East Orange, NJ - $25K
New York, NY - $25K

So, you’re saying you can prove these are bastions of overall academic excellence?

Be my guest.



We’re not talking about the general public but a small minority that can’t or won’t manage their finances. Remember that this is a new skill: people used to spend all the money they got and no one would lend them money. Catastrophic expenses were rare in the 19th century: no one owned a car, there were no mortgages, there was no expensive medical treatment, people died the day after they retired. You neglect the other part, figuring out whether a car is any good, using legal remedies for having bought a lemon.

A car that doesn’t run doesn’t, and becomes a financial liability.

No one is against it.

I moved without a car most of the times I moved.

So we should protect them from themselves, the way we try to protect people from poisoning themselves with bogus medicines. People smoke cigarettes, drink until they pass out, eat themselves into diabetes and heart disease. We all pay the price of remedying the pathologies they inflict upon themselves. We can pay less if we can discourage them.


Prohibition proved that assertion incorrect. It cost us in the growth of organized crime and the resources to fight it. So we stopped and made it legal again. It can be argued the same has occurred to fight marijuana. Billions spent to no effect and now states are legalizing it in opposition to the federal government.

Cigarette use has been proven through 2 JAMA studies to cost society LESS since smokers die early and quickly. They use less resources than an aged citizen does in the last 3 years of life. But we ignored that. Sure, smoking is bad for you (I lost my father, mother and uncle to smoking) but now we legalized the smoking of marijuana in a number of states. How does that make rational sense? Demonize one and legalize the other? I think all in the quote should be legal… Its an issue of personal liberty. It also has become an issue of DUI enforcement (to bring it back to cars) because there is no breathalyzer for marijuana. Its all up to a field sobriety test.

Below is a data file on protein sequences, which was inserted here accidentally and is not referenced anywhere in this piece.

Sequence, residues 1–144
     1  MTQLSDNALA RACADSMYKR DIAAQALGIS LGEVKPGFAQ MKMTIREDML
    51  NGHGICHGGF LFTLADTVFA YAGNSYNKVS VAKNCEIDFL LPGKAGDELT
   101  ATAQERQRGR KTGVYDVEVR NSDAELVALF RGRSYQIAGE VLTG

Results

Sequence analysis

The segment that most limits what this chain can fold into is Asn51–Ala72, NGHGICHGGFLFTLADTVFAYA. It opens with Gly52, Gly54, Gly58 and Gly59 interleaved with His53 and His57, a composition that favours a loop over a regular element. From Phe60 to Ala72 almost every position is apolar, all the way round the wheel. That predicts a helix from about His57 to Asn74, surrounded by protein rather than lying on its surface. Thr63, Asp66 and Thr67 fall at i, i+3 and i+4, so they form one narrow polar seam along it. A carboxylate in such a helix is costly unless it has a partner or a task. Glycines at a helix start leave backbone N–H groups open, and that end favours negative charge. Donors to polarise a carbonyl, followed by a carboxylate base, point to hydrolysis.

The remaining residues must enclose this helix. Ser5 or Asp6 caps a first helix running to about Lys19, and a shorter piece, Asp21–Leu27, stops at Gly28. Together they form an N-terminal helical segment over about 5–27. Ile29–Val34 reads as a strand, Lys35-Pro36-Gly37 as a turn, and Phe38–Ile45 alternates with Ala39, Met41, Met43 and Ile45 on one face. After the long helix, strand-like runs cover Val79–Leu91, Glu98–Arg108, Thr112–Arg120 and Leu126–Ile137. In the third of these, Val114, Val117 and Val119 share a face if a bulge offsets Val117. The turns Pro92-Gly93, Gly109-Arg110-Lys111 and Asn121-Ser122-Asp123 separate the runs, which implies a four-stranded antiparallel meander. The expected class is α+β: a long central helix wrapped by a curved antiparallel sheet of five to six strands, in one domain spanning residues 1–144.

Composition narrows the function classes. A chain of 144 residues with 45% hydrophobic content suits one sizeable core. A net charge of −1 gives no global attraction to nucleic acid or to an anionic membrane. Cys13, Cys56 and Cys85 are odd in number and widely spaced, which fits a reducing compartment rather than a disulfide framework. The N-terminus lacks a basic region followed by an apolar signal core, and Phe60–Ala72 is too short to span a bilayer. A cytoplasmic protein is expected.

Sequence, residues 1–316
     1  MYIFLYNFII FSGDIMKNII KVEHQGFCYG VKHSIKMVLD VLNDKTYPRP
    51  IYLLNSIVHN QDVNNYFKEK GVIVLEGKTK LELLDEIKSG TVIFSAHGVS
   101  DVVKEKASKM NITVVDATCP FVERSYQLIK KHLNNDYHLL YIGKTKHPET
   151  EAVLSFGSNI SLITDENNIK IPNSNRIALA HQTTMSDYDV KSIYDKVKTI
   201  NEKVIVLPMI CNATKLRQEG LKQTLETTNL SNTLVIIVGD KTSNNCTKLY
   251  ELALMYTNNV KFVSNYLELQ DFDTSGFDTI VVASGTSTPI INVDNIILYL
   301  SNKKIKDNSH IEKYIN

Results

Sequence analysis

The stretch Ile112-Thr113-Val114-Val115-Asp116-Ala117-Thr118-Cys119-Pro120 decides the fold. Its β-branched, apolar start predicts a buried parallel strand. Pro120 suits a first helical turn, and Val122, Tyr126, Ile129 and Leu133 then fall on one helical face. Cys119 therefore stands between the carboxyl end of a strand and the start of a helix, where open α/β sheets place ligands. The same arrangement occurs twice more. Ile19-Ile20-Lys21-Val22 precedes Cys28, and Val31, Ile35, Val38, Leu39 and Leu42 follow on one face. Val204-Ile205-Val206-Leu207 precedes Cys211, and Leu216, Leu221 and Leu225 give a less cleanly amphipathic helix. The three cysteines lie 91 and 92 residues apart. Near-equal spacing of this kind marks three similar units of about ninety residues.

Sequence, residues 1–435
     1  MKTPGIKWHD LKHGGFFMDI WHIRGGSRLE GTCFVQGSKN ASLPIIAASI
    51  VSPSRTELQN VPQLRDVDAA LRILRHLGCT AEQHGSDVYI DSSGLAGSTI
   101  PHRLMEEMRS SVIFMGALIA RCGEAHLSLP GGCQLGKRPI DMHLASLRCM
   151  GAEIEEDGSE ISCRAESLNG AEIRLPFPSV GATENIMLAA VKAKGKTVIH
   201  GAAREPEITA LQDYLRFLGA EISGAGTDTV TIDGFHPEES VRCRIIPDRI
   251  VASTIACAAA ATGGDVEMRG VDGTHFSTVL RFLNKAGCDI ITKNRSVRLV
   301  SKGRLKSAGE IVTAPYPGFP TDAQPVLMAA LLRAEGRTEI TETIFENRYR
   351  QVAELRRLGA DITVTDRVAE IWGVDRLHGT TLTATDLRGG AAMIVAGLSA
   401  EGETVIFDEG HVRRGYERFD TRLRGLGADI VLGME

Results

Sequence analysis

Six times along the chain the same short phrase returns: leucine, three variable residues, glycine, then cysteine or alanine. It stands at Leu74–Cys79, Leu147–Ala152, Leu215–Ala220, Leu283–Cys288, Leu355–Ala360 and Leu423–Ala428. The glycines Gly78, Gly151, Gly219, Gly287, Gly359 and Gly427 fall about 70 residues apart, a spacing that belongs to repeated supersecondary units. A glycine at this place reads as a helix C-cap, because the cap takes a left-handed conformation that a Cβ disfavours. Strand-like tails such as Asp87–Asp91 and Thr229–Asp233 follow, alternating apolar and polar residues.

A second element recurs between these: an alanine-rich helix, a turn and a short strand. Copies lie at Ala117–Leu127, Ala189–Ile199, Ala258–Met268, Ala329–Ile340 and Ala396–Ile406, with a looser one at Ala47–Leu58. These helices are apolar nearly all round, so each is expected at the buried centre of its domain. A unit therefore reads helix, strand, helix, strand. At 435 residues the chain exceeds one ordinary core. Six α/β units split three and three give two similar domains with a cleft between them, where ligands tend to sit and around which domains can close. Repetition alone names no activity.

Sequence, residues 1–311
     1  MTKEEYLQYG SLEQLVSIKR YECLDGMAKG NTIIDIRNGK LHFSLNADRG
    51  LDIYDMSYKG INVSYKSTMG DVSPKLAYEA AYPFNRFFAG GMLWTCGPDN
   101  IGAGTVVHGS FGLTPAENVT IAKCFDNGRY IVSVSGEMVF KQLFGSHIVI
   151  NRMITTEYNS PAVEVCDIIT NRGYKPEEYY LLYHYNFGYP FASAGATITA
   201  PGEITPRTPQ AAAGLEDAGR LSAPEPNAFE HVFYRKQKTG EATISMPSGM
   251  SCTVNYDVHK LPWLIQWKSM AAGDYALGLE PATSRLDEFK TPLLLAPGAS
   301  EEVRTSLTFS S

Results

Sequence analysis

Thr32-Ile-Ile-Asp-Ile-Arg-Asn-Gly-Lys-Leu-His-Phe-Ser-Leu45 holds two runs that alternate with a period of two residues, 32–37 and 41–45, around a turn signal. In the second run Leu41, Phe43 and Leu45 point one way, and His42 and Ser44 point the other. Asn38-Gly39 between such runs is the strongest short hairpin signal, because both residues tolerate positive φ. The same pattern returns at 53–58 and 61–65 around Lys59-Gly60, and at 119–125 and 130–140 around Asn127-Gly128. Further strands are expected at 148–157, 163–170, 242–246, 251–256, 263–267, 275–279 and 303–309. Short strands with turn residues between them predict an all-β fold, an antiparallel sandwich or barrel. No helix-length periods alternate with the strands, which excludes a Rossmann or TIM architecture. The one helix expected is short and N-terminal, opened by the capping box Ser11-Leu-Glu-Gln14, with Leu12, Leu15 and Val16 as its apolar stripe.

Economics entered into the discussion because We The People decided to nationalize the healthcare of the aged and the indigent. We think that gives us the right to tell others how to live their lives because taxpayers are paying the price. That’s an insidious little fascist detail about social reform and reformers.


The problem with saying cities who spend more per student aren’t achieving the same as rural areas that are spending less is very misleading.

  1. Teacher salaries are higher in cities because the cost of living is higher. A teacher who earns $40k in some small town in upper Maine, the teacher in NYC to have the same lifestyle the teacher in Maine has will have to earn upwards of $120k.

  2. All other costs are higher. Our town built a new high-school about 15 years ago at a cost of $25m. That same new high-school in NYC could easily cost $100m.

  3. Just basic materials like books and paper will also be higher in NYC.

Just to maintain the same level as a small rural town many cities will have to put 2-3 times the amount of money into their schools.

I don’t think just shoveling money into a school system is the answer either. But doing spending smart does work. Many school systems are now starting to pay teachers based on subject…and NOT by strictly by how many years. Math and science teachers are getting starting to get paid more then a English teacher. Good English teachers are a dime a dozen. School districts are having a hard time finding qualified Math and science teachers at the salary levels of an English teacher. My towns high-school has 8 math teachers and only ONE has a Math education background. The other 7 had degrees in English or History. Not even remotely qualified. It’s one reason all my kids went to a private school with teachers who are actually qualified to teach the subject.


How do you think that a business which uses a business model of getting poor people to give it money when it has no intention of actually selling a car to be anything other than fraudulent?